Java- Understanding of Sigleton Design Pattern - JavaTechWorld

Thursday, 2 February 2017

Java- Understanding of Sigleton Design Pattern

Singleton Design Pattern in java ensure that class has only one instance and provide global access to it that means across your application you are going to have only one instance of the class and whenever you need it you are not going to create it using new Keyword.

Implementation of Singleton Class –
  • Make Sure there is only one instance.
  • Make consutructor as private and let the class manage its instance.
  • Provide global point of access.
Example –

package singleton;
public Class MySingleton {
private static MySingleton instance=new MySingleton();
private MySingleton() {
System.out.println(“User can’t create object using new keyword”);
}
public static MySingleton getInstance() {
return instance;
}
//How to use Singleton class
Class TestClass {
public static void main(String[] args) {
MySingleton ms=new MySingleton(); // Not allowed
MySingleton ms1=MySingleton.getInstance();
MySingleton ms2=MySingleton.getInstance();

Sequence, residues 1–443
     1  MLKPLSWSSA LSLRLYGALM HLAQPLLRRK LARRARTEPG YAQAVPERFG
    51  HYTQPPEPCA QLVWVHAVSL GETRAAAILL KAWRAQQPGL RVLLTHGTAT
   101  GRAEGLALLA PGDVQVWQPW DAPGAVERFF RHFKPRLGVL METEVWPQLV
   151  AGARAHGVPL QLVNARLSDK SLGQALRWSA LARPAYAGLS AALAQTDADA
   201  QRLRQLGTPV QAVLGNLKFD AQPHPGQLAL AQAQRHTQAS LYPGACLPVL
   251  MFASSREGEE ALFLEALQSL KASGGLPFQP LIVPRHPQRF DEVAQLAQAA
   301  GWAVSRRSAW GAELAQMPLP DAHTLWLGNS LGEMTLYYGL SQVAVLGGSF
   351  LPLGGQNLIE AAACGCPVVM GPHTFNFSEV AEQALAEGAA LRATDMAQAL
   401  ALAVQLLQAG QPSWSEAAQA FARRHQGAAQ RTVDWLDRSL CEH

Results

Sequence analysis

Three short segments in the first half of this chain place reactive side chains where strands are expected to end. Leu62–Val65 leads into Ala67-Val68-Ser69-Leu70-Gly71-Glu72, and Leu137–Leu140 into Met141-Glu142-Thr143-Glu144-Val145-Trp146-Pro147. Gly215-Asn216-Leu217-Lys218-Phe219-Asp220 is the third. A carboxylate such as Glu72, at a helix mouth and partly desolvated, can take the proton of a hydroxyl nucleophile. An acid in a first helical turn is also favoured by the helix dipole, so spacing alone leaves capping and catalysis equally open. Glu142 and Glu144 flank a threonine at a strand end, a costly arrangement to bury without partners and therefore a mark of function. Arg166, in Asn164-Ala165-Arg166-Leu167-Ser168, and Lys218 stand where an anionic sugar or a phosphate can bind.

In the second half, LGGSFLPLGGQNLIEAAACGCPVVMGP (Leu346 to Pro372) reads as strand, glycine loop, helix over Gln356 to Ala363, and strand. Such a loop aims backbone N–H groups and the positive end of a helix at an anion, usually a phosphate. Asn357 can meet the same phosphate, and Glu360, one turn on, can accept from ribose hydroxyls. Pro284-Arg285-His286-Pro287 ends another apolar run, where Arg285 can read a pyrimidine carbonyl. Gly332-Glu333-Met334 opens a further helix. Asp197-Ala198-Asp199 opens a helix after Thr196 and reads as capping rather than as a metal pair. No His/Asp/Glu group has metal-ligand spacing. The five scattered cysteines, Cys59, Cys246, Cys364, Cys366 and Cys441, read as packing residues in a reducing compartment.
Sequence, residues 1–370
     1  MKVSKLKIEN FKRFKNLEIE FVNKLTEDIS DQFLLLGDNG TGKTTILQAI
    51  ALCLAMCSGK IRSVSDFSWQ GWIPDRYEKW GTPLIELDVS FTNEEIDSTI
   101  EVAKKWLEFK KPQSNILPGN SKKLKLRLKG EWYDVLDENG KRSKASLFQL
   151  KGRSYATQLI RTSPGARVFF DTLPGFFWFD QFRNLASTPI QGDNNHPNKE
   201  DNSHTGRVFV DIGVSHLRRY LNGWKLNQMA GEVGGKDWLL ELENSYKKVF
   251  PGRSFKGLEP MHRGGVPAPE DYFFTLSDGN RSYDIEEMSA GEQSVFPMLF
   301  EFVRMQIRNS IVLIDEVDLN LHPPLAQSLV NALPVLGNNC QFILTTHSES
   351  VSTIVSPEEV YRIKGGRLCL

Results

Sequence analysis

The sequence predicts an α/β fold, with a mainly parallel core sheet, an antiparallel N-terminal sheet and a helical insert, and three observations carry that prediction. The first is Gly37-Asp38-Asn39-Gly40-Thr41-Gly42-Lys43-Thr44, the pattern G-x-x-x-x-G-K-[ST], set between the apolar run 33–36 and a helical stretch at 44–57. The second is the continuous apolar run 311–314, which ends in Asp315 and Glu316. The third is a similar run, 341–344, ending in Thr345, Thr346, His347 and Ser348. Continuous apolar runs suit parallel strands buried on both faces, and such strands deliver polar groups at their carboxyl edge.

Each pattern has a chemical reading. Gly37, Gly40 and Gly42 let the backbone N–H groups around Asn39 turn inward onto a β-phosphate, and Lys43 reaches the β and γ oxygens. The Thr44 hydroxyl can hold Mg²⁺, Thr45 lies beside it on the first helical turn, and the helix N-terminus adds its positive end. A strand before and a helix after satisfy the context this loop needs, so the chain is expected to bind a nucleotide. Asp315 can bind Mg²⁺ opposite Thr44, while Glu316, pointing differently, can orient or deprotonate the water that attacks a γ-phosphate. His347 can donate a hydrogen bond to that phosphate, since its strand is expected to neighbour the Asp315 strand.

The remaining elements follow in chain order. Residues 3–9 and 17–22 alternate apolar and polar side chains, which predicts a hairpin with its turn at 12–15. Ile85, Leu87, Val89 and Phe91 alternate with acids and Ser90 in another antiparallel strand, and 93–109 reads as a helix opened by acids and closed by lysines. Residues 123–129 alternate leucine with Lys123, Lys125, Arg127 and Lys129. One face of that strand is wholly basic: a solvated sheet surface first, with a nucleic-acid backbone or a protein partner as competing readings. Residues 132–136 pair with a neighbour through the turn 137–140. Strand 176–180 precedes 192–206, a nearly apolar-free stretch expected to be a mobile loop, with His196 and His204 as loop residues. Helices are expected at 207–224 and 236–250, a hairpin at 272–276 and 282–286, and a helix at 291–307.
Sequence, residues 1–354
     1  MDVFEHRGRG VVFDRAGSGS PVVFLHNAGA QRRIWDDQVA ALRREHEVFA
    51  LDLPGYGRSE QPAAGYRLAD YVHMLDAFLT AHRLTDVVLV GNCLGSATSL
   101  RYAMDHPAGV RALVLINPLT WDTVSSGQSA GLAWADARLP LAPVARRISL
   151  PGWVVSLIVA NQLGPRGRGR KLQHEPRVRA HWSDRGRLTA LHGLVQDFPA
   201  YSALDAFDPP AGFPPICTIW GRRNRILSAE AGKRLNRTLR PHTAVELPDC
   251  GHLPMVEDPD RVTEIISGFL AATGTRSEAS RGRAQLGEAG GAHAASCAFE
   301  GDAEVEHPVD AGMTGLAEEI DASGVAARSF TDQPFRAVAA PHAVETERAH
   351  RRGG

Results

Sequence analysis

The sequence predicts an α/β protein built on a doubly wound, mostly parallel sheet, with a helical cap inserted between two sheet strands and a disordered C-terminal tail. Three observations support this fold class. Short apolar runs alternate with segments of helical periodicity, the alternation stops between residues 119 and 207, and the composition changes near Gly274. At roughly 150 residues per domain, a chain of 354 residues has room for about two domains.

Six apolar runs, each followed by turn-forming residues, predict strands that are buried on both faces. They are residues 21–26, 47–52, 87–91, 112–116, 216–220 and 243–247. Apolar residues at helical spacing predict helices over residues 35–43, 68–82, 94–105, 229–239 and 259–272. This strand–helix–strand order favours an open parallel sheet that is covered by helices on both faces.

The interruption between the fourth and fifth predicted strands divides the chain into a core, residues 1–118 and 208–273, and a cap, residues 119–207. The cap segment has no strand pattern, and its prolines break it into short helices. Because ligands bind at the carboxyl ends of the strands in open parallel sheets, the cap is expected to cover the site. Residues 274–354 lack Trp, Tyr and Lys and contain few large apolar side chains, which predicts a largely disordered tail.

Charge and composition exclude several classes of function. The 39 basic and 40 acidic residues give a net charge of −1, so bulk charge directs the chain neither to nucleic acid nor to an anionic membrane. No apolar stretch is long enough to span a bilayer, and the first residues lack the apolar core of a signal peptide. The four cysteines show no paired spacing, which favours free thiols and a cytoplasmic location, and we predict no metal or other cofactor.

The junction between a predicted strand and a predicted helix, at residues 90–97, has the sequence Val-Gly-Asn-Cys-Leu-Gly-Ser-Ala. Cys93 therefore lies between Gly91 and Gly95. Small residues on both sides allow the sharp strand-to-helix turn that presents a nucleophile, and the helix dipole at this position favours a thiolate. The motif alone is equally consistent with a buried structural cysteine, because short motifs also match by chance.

print(“MySingleton”+ms1);
print(“MySingleton”+ms2);
}
static void print(String name, MySingleton object) {
System.out.println(String.format(“Object : Hashcode”, name, object.hashcode()));
}
}
if i will run this TestClass then constructor will be called because class is initialized during class loading then i got two instances ms1 and ms2 and printed them and we will get same Hascode but this singleton class have some issue which we are going to discuss.
In this singleton class we are violating the requirement of singleton class using the following point.
  1. Reflection
  2. Seriallization/deserialization
  3. clone
  4. multi-threaded access
  • Reflection– Reflection allows you to construct singleton a object without using new instance or any other api.
Example

package singleton;
public Class MySingleton {
private static MySingleton instance=new MySingleton();
private MySingleton() {
System.out.println(“User can’t create object using new keyword”);
}
public static MySingleton getInstance() {
return instance;
}
//How to use Singleton class
Class TestClass {
public static void main(String[] args) throws Exception{
MySingleton ms=new MySingleton(); // Not allowed
MySingleton ms1=MySingleton.getInstance();
MySingleton ms2=MySingleton.getInstance();
print(“MySingleton”+ms1);
print(“MySingleton”+ms2);
//Reflection
Class cls=Class.forName(“singleton.MySingleton”); //This way i am going to load a class
//Using this cls i am going to get default constructor.